That doesn’t mean there was no food waste — children threw out 60 to 75 percent of the veggies they selected, and 40 percent of fruit went into the trash too. However, they didn’t waste more than normal when forced to choose a fruit or veggie.

“Students often need time to acclimate to new foods,” explained Juliana Cohen, a research fellow at the Harvard School of Public Health who conducted the study. “Rather than weakening the standards, we should focus our attention on ways that we can support school food service employees, such as providing them with more healthy commodity foods and new recipes or training opportunities that focus on these foods, so that schools can provide students with both cost-effective and good tasting meals.”

Another study published this year shows that about 16 percent of lunch trays at two schools did not contain a fruit or vegetable before the USDA rule changes. After they went into effect, however, that number went down to just 2.6 percent of trays — so perhaps selection is going up.

Many of these studies offer conflicting results: Some say kids are taking the healthier options and eating them; others say they may select them, but that doesn’t stop kids from tossing them out.

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A report presented this month at the American Public Health Association’s annual meeting by Susan Gross, Ph.D., a research associate at Johns Hopkins University’s Bloomberg School of Public Health, found that kids aren’t too keen on the USDA’s changes.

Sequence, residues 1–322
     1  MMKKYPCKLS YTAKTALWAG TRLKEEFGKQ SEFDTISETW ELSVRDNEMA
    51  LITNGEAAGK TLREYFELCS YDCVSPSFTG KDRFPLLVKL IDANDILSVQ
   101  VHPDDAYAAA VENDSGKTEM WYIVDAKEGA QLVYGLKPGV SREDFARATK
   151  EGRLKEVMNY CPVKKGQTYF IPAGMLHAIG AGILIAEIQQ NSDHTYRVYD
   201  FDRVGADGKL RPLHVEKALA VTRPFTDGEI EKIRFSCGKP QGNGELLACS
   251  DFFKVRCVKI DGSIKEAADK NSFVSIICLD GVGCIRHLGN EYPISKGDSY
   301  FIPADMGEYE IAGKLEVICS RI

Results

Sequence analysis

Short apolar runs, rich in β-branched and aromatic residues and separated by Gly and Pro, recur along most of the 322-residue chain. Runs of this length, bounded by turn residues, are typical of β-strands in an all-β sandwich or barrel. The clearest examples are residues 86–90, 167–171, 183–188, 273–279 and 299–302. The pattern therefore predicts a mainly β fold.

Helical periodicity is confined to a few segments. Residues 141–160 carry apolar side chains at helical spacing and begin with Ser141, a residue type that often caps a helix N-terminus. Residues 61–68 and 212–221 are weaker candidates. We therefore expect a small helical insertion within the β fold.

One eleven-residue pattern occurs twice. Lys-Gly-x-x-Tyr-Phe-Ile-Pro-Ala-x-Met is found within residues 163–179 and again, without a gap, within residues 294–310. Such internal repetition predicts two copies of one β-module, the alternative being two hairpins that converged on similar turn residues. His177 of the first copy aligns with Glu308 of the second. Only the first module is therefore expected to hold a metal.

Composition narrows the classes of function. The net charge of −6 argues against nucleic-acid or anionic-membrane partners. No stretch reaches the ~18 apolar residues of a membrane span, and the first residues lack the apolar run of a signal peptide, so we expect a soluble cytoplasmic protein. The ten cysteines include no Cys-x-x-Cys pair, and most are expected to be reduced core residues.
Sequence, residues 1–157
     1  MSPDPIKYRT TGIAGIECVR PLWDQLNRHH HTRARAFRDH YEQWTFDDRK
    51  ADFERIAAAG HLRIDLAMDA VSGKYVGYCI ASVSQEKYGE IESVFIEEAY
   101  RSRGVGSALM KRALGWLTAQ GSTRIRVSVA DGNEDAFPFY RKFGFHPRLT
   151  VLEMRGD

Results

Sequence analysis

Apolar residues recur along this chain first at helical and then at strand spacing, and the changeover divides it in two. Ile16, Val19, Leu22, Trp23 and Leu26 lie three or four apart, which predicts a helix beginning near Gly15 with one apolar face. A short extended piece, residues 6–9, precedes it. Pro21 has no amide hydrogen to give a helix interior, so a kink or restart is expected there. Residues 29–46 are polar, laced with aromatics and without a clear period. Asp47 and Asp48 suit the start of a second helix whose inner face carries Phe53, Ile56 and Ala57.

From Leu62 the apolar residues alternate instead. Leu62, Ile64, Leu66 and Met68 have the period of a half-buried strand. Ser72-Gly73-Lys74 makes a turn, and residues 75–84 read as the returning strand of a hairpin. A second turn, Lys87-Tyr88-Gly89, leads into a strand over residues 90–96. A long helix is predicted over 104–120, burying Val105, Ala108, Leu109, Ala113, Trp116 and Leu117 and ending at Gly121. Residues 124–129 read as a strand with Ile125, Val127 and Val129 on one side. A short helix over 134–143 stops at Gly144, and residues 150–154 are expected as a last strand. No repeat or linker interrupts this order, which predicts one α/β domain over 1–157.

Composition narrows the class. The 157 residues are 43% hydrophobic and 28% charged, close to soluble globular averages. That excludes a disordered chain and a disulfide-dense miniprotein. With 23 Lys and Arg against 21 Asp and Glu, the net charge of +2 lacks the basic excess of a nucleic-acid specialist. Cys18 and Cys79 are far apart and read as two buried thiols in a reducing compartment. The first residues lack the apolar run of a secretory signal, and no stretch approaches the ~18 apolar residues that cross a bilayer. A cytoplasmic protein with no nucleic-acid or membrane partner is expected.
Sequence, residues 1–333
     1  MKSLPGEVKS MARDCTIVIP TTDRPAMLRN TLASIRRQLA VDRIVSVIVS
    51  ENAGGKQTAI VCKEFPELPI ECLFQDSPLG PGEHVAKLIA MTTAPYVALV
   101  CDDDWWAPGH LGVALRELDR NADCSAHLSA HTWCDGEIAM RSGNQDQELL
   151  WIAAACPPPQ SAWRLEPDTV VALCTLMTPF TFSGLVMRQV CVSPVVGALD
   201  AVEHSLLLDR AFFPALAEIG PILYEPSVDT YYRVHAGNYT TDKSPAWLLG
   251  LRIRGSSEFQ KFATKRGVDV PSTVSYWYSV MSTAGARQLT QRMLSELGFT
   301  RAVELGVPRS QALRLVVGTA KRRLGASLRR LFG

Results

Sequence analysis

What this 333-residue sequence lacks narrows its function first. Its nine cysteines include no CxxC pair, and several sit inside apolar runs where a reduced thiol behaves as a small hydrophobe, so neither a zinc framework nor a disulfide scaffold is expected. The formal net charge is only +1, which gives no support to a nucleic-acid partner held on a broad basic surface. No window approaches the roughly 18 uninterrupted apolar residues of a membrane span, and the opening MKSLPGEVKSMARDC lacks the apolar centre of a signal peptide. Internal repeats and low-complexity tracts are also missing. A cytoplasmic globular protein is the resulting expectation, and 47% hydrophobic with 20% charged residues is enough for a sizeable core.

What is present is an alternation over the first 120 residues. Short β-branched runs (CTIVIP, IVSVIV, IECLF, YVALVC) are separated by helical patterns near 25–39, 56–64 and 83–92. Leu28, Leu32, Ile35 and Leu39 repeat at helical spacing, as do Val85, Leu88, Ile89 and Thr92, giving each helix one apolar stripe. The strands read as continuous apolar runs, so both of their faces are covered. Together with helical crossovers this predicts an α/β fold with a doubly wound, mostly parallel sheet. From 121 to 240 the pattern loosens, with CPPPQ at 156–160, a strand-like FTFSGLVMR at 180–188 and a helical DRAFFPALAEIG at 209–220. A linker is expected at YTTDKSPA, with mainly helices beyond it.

Of 274 children in kindergarten, first, and second grades in 10 New York City schools, 59 percent grabbed a veggie, but just 54 percent ate a single bite of it. Just 24 percent ate more than half of their veggies. Of the 58 percent of kids that chose a fruit, 76 percent of them did eat at least some of it.

“We have been thinking that if young children choose healthy food, they will eat it,” Gross said. “But our research shows that is not necessarily so.”

The cafeteria setting could be part of the problem, Gross said. Her team found that children were more likely to finish their food if a teacher ate in the cafeteria with them and if they had a longer lunch period. They also showed that more kids ate their veggies and whole grains, specifically, when the cafeteria was less noisy.

“It may be the overwhelming atmosphere of a cafeteria that may impact how much they eat, as opposed to the food itself,” Gross said.

The scientists also noticed that young children were more likely to eat healthy food when it was cut into smaller pieces. A 6-year-old may not eat as much as an older child, and a younger child might not take a whole apple because they can’t cut it themselves. On the flip side, if apple slices are put out, children may be more likely to take them — that is, if they haven’t browned yet.

“It’s really hard to produce things mass,” Gross admitted. Some school districts have a central kitchen and then transport prepared meals out to schools, so food may be much less appealing by the time it reaches the children. “It’s not an easy process for them to keep things appetizing,” she added. Shifting to on-site preparation may be a way to get kids to select and eat healthier options, and could cut down on waste.

Some school districts do well at providing fresh choices and making sure they’re palatable. It’s harder for others, and that’s not something that officials — or even food service workers — can control, Gross said.

There is one spot of good news: If kids feel like they’re included in the process of choosing school meals, they are more likely to get on board with healthy nutrition. Gross said her experience in a cafeteria where kids were able to give input on healthy meals was that the food didn’t just get taken, it got eaten too.